* A slight variation on the trope has begun to appear in ''Literature/ASongOfIceAndFire'' with the Faceless Men, an order of assassins who can perfectly imitate just about anyone. This has lead to a lot of fan speculation; the only Faceless Man we've really been able to track is [[spoiler:Jaqen H'ghar, who seems to have become an alchemist before becoming Pate as of ADWD]]. Theories now abound as to who might be a Faceless Man, with contenders including [[spoiler:Syrio Forel (who may have become Jaqen H'ghar, The Kindly Man, or ''Ser Meryn Trant'' after his alleged death), Varys (explaining his exceptional talent for disguise), the guy who was killed at the Sept of Baelor at the end of the first book (meaning Ned Stark might still be alive...), the Brienne that showed up at the end of ADWD]], and many, many, ''many'' more.
** Some of those possibilities are, however, not feasible (however awesome they'd be). The Faceless Men may use something akin to glamour, but it requires a certain key ingredient: a corpse to steal the face and identity of. Also, they will ''look like the corpse'' of the person, not the person when they were alive: given how some people can radically change upon death, it's not ''quite'' as clone-like as you might think. At best, it's a form of really sophisticated DeadPersonImpersonation or KillAndReplace. Even if, [[spoiler: as in the case of Pate "the pig boy"]], they go for as fresh a corpse as possible of somebody they've been tailing for a while, they'll still not ''quite'' be right to look at, if you knew the person well before they died. (Faceless Men seem to target those who are foreigners, strangers, generally undervalued or who were always on the periphery of the place they're in -- yet, with valid enough reasons for access. In short, people other people don't get that close to, in the main.)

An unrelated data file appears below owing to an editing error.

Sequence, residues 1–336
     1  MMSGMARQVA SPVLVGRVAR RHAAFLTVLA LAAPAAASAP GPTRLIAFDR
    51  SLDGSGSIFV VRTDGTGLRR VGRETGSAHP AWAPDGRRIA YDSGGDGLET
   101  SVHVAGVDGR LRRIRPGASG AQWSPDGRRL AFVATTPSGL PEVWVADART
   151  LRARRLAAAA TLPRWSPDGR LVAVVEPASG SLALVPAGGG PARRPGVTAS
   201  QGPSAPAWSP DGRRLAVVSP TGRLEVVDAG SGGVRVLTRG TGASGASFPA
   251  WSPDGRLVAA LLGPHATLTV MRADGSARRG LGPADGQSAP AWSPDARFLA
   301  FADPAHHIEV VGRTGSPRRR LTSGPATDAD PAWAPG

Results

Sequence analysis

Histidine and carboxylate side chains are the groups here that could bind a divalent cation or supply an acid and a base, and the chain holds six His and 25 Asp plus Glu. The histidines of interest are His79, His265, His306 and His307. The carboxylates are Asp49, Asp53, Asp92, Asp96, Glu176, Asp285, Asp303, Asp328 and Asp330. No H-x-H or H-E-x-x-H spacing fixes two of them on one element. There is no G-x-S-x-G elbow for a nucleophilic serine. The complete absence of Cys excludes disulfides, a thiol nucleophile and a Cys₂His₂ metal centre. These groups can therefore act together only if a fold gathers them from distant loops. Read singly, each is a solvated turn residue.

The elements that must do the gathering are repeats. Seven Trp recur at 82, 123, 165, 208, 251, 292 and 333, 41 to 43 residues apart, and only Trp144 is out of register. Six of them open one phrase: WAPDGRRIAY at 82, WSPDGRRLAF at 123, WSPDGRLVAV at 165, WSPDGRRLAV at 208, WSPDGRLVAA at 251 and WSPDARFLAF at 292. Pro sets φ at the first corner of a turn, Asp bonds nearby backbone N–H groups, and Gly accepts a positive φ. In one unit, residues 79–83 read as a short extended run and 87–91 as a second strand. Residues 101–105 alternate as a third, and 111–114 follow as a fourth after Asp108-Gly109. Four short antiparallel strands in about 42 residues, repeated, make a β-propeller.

* In [[{{Literature/Dune}} Dune]], the Tleilaxu Ghola tanks produce a variation of clones (cells harvested after death, and the ghola has the memories of the original, including that death). Over the course of the series, Duncan Idaho becomes, all by himself, a can of clones.
** The Tleilaxu Face Dancers fit this somewhat as well, being able to impersonate essentially anyone.